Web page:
With no way to actually drive up to the accident scene, I yanked the car into park, jumped out and ran on foot down the highway to check on my oldest son. I don’t remember if I turned off the ignition. I am positive I didn’t bother to lock the door or grab my purse. I do remember one thing very clearly though. As I reached the scene, I remember wondering how all the emergency personnel knew I was the mom. In my frantic state, it never dawned on me, that only a mom would take off running down a highway in the middle of the night.
“Where is he?”
“He’s in the ambulance, but they are about to leave so we can’t open the door.”
“I need to see him! Is he hurt? What is wrong with him?”
“He talked to us. We don’t know what might be broken, but he seemed to be talking fine.”
“Where did they take his Tahoe?”
“Nowhere. It’s out there.” The deputy pointed towards the wooded area on the side of the highway.
I could see the lights and people, but I couldn’t really make out the vehicle or how badly it was damaged.
“Where is he?” My husband, Andy, who seemed to appear from nowhere asked.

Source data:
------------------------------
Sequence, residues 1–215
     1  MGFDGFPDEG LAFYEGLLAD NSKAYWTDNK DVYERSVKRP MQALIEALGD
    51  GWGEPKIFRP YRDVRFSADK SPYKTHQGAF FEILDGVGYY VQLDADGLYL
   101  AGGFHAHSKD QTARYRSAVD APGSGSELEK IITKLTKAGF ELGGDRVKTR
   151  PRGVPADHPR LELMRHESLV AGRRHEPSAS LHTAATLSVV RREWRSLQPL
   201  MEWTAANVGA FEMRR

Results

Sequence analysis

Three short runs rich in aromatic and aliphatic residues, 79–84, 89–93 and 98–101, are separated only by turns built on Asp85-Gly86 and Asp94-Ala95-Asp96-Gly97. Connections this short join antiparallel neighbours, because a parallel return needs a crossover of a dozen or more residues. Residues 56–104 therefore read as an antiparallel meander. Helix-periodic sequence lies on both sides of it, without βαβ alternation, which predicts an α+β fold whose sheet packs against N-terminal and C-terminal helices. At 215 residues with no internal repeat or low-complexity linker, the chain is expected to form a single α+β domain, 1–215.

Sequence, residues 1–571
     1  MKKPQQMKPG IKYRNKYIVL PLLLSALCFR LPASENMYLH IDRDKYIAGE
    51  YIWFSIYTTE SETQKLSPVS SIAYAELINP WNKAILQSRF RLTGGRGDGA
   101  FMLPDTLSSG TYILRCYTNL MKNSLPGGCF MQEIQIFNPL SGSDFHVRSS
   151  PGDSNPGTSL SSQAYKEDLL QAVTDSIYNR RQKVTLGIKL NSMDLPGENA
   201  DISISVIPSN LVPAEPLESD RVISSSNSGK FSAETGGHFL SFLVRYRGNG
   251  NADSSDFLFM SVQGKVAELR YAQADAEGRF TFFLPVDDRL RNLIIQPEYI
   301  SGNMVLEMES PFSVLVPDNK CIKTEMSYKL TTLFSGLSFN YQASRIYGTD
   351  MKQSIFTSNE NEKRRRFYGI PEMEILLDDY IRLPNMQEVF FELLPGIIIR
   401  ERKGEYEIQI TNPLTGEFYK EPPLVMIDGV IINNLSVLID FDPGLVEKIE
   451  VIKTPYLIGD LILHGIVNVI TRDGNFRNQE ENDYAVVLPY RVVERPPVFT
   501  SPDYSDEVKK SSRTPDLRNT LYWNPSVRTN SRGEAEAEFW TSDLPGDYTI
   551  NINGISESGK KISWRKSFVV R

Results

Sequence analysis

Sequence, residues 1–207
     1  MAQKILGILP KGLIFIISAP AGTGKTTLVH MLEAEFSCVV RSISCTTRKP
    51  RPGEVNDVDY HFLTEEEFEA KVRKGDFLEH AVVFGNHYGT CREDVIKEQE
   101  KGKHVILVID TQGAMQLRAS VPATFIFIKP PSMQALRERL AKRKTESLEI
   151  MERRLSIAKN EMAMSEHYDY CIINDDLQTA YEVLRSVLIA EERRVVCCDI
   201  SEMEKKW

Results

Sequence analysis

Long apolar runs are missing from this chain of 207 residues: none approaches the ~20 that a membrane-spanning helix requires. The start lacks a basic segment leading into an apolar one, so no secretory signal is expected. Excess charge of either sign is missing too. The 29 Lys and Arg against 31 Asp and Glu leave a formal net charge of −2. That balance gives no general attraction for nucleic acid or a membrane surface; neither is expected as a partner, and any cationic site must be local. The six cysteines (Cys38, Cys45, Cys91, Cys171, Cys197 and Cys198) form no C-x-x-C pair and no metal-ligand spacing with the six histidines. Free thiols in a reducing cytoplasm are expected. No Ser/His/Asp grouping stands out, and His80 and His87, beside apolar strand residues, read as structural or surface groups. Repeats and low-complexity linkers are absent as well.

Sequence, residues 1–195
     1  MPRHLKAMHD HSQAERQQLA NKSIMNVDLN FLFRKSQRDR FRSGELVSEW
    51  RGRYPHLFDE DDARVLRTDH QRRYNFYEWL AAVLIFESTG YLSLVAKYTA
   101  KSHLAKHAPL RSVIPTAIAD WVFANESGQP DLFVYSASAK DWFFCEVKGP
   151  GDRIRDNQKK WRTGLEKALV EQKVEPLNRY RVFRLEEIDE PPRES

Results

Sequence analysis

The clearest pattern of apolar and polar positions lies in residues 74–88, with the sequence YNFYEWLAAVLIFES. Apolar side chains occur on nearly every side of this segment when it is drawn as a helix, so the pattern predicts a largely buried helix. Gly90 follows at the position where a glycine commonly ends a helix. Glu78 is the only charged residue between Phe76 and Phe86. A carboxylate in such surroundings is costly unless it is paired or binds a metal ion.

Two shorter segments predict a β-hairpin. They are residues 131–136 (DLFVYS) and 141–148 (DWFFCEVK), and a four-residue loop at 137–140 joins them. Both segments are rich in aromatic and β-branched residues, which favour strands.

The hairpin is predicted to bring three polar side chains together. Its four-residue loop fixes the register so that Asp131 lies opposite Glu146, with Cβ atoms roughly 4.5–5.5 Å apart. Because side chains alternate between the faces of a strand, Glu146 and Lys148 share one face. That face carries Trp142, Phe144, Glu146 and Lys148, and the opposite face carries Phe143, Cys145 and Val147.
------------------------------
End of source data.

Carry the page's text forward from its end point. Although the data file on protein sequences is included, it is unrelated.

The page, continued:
“He’s in the ambulance, but they won’t let me see him.”
“That’s bull shit,” Andy muttered in a tone I knew meant he wasn’t allowing anyone to tell him what he could or couldn’t do.
Andy walked right up to the back of the ambulance and jerked the back door wide open. “Justin, are you okay?”
Justin laid on the stretcher bed with straps holding every single body part he owned in place. His legs, his arms and his head were all firmly belted down. He couldn’t even lift his head so we could see his face.
“I don’t know. I think so,” he mumbled in the terrified voice of a sixteen-year-old boy.
“Do you hurt?” Andy asked as he touched Justin’s feet, which were the closest body parts to the back door of the truck.
“I don’t know,” Justin’s trembling voice replied.
“Wiggle your toes!” Andy commanded.